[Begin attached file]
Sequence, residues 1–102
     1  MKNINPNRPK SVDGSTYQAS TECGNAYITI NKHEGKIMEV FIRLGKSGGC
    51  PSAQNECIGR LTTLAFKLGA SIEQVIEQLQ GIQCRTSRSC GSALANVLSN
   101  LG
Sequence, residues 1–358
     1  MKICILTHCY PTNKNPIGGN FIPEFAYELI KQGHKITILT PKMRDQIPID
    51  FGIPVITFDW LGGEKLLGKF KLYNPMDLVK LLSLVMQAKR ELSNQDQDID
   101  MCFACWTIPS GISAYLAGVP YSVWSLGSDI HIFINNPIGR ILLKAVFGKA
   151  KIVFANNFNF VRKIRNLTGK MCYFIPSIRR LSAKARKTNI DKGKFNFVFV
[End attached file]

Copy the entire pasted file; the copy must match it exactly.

Sequence, residues 1–102
     1  MKNINPNRPK SVDGSTYQAS TECGNAYITI NKHEGKIMEV FIRLGKSGGC
    51  PSAQNECIGR LTTLAFKLGA SIEQVIEQLQ GIQCRTSRSC GSALANVLSN
   101  LG
Sequence, residues 1–358
     1  MKICILTHCY PTNKNPIGGN FIPEFAYELI KQGHKITILT PKMRDQIPID
    51  FGIPVITFDW LGGEKLLGKF KLYNPMDLVK LLSLVMQAKR ELSNQDQDID
   101  MCFACWTIPS GISAYLAGVP YSVWSLGSDI HIFINNPIGR ILLKAVFGKA
   151  KIVFANNFNF VRKIRNLTGK MCYFIPSIRR LSAKARKTNI DKGKFNFVFV